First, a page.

Cells were grown overnight in YPBD (0.3% yeast extract, 0.5% peptone, 0.5% potassium phosphate buffer, pH 6.0, 2% glucose) to an OD600 of approximately 1.0. For protein extractions, cells were transferred to YPB‐low glucose (0.15%) and either grown in YPB‐low glucose (0.15%) only or induced with 0.2% oleate, 0.5% Tween 40. Samples were collected at the indicated times (Figure 3C), the media removed and the cells resuspended in a lysis solution of 264 mM NaOH, 152 mM 2‐mercaptoethanol. After a 10 min incubation on ice, tricholoracetic acid was added to a final concentration of 6% and proteins precipitated for 10 additional minutes on ice. Precipitated proteins were pelleted by centrifugation and resuspended in a solution of 6.5% SDS, 0.5 M Tris base and 15% glycerol. The samples were heated at 95 °C and proteins resolved on 4–12% gradient gels. Myc‐tagged Oaf1p was detected by western blot analysis using an anti c‐Myc 9E10 mouse monoclonal antibody (Abcam). An anti Gsp1p rabbit polyclonal antibody was used to detect Gsp1p as a load control.
Six replicates of each strain were assayed over a matrix of experimental conditions, varying pre‐culture conditions (2% glucose or 0.15% glucose), cell densities (OD600 of 0.4, 0.8, or 1.6) and oleate concentrations (0.2% or 1%) (Supplementary Figure 13). At the indicated time points (Figure 3D and Supplementary Figure 13), 20 μl of induced cells were added to 100 μl of dH2O in a 96‐well flat‐bottomed plate and analyzed by flow cytometry for total GFP fluorescence. Flow cytometry was done using a FACSCalibur (BD Biosciences) with the following parameters: forward scatter, E0 haploid linear scale; side scatter, 520 V linear scale; fluorescence, 490 V logarithmic scale. Cells were loaded onto the FACSCalibur using the high throughput sampler (BD Biosciences). The high throughput sampler was run in standard mode, sampling 10 μl at a rate of 2 μl/s for a total event count of 10 000 cells.
The competitive fitness of the wild type versus the engineered strains was investigated under time varying oleate and glucose conditions. Cells from wild type and engineered strains were mixed 1:1 and grown in YPD to an OD600 of approximately 0.5. At the times indicated in Figure 3E, cells were transferred between YPBO and YPBD (0.15% glucose). At 0, 24, 48 and 72 h, the cultures were sampled and then reseeded at 1:5 to ensure they did not reach saturation. For sampling, 10 technical and two biological replicates of equal volumes of dilutions were plated onto YPD, which is nonselective and allows both strains to grow equally, and YPD with 400 ug/ml Hygromycin B (HPH; Sigma) medium, to select for the engineered strain. Under conditions in which the engineered strain showed no advantage or disadvantage the expected number of colonies on the YPD‐HPH plate would be half of the number of colonies on the YPD plate.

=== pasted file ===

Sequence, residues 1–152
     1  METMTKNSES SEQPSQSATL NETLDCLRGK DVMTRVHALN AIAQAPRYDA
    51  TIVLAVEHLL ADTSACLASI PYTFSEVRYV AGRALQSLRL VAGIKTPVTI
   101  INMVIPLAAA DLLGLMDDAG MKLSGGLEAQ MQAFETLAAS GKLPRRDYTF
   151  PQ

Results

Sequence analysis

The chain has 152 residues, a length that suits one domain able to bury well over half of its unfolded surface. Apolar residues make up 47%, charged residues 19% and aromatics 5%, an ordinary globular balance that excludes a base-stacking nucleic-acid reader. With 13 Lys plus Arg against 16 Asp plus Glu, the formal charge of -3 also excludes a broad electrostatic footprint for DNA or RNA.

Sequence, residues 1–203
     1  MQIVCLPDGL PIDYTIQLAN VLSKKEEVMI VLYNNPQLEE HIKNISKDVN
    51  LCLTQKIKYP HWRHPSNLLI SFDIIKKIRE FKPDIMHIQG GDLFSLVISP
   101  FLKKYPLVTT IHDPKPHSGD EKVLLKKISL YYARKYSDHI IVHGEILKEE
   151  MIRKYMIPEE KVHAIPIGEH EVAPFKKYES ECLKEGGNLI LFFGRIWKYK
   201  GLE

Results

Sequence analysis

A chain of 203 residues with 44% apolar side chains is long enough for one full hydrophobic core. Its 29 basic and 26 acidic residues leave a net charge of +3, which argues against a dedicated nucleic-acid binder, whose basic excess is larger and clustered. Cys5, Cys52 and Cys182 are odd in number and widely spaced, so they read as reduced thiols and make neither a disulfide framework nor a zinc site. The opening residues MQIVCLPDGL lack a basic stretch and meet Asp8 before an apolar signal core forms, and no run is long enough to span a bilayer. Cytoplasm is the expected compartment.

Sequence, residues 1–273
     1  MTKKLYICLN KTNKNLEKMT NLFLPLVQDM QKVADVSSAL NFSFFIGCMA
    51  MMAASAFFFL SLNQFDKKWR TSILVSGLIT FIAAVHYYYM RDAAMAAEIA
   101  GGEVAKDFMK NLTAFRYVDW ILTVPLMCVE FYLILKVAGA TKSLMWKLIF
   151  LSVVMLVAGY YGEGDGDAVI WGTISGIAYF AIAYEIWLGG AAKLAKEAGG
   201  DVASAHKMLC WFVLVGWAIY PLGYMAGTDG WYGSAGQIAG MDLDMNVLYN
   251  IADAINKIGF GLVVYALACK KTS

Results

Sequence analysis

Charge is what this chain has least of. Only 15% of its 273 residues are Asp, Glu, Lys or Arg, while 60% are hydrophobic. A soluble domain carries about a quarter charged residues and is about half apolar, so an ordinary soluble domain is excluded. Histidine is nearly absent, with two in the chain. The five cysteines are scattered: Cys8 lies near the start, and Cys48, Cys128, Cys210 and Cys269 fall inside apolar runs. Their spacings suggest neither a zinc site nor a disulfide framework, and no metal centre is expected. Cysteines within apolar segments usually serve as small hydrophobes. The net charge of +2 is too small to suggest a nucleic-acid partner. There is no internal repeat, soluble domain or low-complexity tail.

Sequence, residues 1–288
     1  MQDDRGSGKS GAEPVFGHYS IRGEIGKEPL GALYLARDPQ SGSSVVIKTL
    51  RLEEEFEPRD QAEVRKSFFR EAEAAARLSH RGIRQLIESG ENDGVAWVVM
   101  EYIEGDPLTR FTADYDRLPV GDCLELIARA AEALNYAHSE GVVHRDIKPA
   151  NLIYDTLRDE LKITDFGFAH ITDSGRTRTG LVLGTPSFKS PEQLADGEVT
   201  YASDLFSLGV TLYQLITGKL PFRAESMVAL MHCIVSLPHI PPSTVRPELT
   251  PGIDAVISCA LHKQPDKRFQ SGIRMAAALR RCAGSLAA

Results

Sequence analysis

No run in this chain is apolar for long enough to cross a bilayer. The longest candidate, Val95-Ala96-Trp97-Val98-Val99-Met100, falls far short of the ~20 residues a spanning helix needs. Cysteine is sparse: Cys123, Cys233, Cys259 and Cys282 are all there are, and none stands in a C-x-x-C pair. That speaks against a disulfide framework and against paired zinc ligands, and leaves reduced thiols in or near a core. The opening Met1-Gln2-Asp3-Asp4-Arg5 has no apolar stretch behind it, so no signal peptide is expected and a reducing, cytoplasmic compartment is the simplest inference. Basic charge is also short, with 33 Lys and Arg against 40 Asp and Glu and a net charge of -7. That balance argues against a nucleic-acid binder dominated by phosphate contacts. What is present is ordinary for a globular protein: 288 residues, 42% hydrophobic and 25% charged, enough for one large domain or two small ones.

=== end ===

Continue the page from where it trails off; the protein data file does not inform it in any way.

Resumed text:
The ordinary differential equations for the ‘No feedback’, symmetric and asymmetric feedback systems are as follows:
‘No feedback’ model:
ASSURE I model:
ASSURE II model:
SPF I model (see Supplementary Figure 12):
where d(x, y, K) represents the quasi‐steady‐state concentration of the heterodimer between x and y with the dissociation constant K calculated using the following equation:
d(x, y, K) is a solution of the quadratic equation (x−d) (y−d) = Kd that is derived from the steady‐state assumption for the reversible biomolecular reaction . In the case of a homodimer, x=y.
f(z) represents a fractional activity of the target gene which is a function of the activator z. f(z) is calculated using the following equation:
For example, f(d(d(s,P 1,K sp),P 2,K d)) represents the fractional activity of the ASSURE target gene that is a function of the concentration of the heterodimer between P 2 and another heterodimer between s and P 1 in the model with K d and K sp dissociation constants, respectively.
Parameter values for results presented in Figure 2 are following: k s=10 min−1, k u=0.1 min−1, k 0=0.1, k a=40 a.u., h=2, K sp=10−3 a.u., K d=10−5 a.u., s=103 a.u. The unregulated component of the heterodimer (P 1 in ASSURE I and P 2 in ASSURE II) is set to a corresponding constant value. The Equations were solved numerically with Matlab 7.9.0. The models are available in SBML format at BioModels database (http://www.ebi.ac.uk/biomodels‐main/) (SPF ID: MODEL1203010000; ASSURE I ID: MODEL1203010001; ASSURE II ID: MODEL1203010002; ‘No Feedback’ ID: MODEL1203010003; SPF I ID: MODEL1203010004).
The response time (τx) was calculated as the time that the system takes to reach x portion of its response between the initial and steady‐state levels. A P‐value for the comparison of the distributions of τ0.5 values for the SPF and ASSURE models in Figure 2I was calculated based on the two‐sample Kolmogorov‐Smirnov test using the kstest2 MATLAB routine. The response time probability density in Figure 2I was estimated using the ksdensity MATLAB routine.
We thank J Smith, V Litvak and I Shmulevich for helpful discussions and comments on the manuscript. This study was supported by NIH/NIGMS (R01‐GM075152, U54‐2U54RR022220 and P50‐GM076547).
Author contributions: AVR and JDA designed the research. AVR developed mathematical models and performed numerical simulations. AVR and SAR performed theoretical and computational analysis. RAS and KS built the engineered strain and performed experiments. AVR, RAS, SAR and JDA wrote the manuscript.
SBML Models [msb201210-sup-0001.zip]
Ratushny Supplementary Info [msb201210-sup-0002.doc]